dmpq-To What extent Crime against women is responsible for keeping them out of India’s Labor force ?

Women’s education has increased over the last two decades and fertility rates have fallen — both have contributed to increasing participation of women in the paid labour force elsewhere in the world. However, this is not the case in India. India’s Female Labour Force Participation Rate (FLFPR) has fallen from 31.2% in 2011-12 to 24.5% in 2018-19.

Among several other factors including domestic responsibilities, societal norms, limited opportunities  lack of supportive infrastructure, a major explanation for women dropping out of the labour force is the fear of sexual violence (broadly categorising crime against women).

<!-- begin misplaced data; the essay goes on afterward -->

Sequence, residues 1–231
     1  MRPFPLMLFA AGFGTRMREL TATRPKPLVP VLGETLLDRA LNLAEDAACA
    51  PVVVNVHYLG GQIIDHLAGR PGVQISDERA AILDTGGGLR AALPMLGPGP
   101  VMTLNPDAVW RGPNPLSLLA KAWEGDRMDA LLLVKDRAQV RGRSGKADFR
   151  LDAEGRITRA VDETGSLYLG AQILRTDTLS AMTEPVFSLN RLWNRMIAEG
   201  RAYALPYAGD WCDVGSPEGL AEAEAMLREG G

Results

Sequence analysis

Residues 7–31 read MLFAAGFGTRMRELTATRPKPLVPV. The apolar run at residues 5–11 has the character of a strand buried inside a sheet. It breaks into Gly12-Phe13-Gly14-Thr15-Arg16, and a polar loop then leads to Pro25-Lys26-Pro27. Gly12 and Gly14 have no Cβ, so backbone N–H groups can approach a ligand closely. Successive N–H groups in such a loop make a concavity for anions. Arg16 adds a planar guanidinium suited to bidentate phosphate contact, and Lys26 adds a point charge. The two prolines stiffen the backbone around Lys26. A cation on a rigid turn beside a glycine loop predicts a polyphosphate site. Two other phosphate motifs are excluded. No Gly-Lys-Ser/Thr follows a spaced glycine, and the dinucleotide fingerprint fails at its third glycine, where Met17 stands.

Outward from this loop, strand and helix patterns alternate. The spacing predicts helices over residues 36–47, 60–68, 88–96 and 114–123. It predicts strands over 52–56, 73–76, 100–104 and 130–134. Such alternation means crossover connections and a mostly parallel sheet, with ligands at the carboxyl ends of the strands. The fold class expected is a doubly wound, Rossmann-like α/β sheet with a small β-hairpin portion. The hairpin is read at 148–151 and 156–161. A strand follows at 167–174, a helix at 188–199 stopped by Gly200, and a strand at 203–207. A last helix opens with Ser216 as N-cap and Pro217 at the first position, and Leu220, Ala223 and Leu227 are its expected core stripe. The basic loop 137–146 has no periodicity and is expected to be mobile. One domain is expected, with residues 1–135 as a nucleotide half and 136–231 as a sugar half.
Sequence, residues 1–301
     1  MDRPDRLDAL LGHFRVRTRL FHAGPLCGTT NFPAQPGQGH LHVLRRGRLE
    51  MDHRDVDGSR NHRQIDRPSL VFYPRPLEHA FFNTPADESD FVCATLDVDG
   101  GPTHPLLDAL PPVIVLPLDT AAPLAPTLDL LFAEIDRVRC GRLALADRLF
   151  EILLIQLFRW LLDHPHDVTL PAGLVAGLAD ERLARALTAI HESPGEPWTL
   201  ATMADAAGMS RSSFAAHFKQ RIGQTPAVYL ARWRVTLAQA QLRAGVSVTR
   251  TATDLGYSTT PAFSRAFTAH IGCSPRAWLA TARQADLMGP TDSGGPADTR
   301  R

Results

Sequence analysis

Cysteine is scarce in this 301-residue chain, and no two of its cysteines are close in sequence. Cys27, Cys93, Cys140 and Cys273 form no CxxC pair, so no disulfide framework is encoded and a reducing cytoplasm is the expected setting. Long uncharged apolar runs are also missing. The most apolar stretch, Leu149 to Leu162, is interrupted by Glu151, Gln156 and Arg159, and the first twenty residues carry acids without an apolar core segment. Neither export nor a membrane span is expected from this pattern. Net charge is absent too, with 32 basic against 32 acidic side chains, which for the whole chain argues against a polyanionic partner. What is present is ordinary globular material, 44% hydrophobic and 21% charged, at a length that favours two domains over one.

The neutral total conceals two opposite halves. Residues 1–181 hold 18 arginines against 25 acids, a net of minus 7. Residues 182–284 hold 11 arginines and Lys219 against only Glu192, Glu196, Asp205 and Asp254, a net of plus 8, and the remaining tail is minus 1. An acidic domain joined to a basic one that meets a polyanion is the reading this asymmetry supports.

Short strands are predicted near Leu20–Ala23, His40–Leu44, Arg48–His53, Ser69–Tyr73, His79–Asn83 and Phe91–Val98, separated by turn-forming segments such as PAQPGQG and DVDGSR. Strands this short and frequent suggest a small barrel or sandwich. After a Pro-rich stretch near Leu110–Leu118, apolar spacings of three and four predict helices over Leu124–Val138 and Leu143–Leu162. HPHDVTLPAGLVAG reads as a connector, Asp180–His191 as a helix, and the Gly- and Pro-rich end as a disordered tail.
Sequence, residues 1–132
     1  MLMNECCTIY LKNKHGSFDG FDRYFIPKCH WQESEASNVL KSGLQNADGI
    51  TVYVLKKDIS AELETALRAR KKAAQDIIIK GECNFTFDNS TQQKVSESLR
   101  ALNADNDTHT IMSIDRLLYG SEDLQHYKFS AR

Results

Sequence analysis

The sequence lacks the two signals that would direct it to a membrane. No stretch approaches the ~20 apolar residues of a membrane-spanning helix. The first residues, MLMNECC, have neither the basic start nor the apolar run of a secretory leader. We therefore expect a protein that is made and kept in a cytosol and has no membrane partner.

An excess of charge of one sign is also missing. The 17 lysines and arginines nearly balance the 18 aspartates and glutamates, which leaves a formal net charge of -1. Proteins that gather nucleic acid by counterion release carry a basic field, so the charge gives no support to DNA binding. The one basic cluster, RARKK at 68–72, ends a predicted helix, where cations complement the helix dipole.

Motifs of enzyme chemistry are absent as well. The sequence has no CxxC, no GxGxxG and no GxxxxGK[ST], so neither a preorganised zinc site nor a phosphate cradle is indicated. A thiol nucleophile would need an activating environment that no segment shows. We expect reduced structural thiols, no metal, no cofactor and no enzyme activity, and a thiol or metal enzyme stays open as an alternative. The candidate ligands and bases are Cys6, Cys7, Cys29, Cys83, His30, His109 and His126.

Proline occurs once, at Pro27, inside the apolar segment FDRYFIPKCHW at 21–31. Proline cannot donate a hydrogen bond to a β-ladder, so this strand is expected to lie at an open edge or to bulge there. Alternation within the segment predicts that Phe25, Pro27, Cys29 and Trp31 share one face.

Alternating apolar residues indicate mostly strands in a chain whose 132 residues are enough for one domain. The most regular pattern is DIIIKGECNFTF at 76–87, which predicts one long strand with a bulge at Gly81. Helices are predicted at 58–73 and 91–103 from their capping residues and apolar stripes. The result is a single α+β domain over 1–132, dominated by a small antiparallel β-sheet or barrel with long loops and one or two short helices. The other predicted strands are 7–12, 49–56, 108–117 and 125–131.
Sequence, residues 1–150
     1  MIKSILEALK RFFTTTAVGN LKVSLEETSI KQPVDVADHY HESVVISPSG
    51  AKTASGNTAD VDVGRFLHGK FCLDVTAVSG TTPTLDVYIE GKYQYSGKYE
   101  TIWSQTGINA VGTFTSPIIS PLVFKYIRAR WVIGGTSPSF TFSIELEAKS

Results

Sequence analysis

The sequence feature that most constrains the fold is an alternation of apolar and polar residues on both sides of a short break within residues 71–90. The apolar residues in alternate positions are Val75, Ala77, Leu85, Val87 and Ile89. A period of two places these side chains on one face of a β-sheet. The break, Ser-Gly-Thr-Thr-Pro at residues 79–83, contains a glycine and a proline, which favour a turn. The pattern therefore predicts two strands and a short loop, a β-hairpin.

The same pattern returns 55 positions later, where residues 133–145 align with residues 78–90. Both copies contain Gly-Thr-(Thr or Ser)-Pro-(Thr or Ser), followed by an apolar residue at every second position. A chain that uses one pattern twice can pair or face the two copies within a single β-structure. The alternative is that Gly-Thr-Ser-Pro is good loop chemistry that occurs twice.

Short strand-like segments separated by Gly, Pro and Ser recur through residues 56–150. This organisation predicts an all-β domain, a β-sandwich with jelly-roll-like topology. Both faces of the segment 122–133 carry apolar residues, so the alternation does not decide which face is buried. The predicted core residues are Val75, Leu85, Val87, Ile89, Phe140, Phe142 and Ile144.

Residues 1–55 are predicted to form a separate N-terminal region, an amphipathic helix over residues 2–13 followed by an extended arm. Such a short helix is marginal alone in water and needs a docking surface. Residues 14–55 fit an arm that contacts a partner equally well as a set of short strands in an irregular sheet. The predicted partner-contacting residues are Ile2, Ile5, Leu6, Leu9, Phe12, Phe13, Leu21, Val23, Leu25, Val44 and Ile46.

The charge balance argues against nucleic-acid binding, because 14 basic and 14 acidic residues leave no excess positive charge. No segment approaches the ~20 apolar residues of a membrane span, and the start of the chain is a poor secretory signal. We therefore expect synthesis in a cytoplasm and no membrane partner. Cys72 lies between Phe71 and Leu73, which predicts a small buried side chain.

The Plight of Female Labour Force Participation in India

  • India’s female labour force participation rate (FLFPR) is a puzzling feature of its economy. Though output has more than doubled and the number of working-age women has grown by a quarter over the last two decades, the number of women in jobs has declined by 10 million.
  • Data Presented by Gender Parity Indices: Global indices and gender empowerment measures also paint a dismal picture. The Global Gender Gap Index, 2021 revealed that India ranks 140th of 156 countries, compared to its 98th position in 2006. €
  • India’s FLFPR (24.5% in 2018-19) has also been declining and is well below the global average of 45%.
  • Current Education and Employment Scenario: India neared gender equality at the primary level about a decade after the enactment of the Right to Education Act, 2009. Between 2011 and 2019, there has been an increase in the rate of women enrolling in higher education.
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